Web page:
It's common in English to use these types of statements where a direct answer might seem too assertive. For example, if you'd asked me how I had been lately, I might say "not bad", rather than "good", as being good implies being better than normal, whereas not bad is just not bad.
In fact, people often describe things in terms of them not being the opposite of what they are. Other examples include:
- Not the best (bad)
- Not the brightest (stupid)
- Not exactly perfect (flawed)
- Not without its problems (problematic)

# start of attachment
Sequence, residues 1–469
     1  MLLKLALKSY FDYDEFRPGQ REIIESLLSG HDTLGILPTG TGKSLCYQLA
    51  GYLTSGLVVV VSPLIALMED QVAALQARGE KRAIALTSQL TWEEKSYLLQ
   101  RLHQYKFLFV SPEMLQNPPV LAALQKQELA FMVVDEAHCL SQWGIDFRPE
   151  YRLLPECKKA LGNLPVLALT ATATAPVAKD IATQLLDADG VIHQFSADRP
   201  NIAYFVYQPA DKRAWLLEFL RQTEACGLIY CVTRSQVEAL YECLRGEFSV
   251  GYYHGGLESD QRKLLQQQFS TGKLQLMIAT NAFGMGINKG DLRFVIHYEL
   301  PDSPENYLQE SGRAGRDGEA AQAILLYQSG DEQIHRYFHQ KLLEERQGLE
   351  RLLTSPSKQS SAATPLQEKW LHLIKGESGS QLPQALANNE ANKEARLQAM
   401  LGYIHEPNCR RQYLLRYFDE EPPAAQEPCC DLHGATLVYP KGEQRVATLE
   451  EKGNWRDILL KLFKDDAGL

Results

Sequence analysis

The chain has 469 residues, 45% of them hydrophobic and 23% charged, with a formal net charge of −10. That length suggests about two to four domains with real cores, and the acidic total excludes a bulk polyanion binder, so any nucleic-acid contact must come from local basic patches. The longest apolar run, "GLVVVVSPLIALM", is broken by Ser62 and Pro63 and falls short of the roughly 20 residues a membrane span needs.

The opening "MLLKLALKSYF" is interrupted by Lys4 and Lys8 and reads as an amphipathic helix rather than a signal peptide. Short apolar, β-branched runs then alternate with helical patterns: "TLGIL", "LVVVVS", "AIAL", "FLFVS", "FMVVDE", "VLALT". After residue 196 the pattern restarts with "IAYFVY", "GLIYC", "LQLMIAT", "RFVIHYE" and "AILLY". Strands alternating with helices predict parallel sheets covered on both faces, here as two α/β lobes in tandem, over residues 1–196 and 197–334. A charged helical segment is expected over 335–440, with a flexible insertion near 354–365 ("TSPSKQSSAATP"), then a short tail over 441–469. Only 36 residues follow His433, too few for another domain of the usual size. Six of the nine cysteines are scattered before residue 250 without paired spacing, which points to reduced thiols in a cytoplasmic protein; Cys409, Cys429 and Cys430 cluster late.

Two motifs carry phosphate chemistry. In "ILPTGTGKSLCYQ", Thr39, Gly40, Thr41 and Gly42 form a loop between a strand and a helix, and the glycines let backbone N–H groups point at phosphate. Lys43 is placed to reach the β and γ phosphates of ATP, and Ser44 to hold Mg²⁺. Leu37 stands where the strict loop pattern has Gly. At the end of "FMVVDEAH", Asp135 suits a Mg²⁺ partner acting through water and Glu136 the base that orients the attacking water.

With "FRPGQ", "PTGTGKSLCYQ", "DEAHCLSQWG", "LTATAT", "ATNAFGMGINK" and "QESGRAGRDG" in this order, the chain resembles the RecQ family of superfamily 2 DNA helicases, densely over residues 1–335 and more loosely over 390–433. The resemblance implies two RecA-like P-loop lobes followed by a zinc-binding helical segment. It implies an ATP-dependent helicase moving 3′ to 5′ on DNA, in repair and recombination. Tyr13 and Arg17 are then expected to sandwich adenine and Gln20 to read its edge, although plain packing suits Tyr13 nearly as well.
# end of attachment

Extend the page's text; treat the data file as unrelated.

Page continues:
- Not exactly rocket science (trivial)
English speakers often avoid making assertive statements unless they fully intend to be assertive. For example, they may begin a statement of fact with "I believe...", "It seems..." or "Apparently...".
Using direct assertions sparingly gives them more impact too. To say "He's stupid" is less forgiving than saying "He's not the brightest chap I've ever met."
Edwin Ashworth noted in his comment that this amelioration is known as hedging, and the not un-X form described in this answer is known as litotes. From Wikipedia:
In rhetoric, litotes is a figure of speech and form of verbal irony in which understatement is used to emphasize a point by stating a negative to further affirm a positive, often incorporating double negatives for effect.